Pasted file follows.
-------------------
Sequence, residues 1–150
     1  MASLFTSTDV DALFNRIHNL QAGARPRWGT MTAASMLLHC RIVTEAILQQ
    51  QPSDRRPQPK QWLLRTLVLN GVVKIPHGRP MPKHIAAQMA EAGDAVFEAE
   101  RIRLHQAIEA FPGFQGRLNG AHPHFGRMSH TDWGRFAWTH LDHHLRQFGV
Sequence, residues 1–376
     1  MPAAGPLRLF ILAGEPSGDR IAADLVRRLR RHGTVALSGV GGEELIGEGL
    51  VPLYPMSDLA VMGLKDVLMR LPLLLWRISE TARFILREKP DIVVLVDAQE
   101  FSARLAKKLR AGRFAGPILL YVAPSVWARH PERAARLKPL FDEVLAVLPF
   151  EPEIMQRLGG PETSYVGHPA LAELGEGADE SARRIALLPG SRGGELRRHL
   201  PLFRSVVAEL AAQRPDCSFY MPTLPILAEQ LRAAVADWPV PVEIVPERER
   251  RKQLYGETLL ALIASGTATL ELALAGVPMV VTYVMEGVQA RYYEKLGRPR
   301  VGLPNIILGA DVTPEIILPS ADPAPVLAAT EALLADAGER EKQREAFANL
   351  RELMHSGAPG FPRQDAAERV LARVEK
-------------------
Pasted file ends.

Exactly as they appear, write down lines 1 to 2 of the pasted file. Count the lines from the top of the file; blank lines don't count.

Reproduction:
Sequence, residues 1–150
     1  MASLFTSTDV DALFNRIHNL QAGARPRWGT MTAASMLLHC RIVTEAILQQ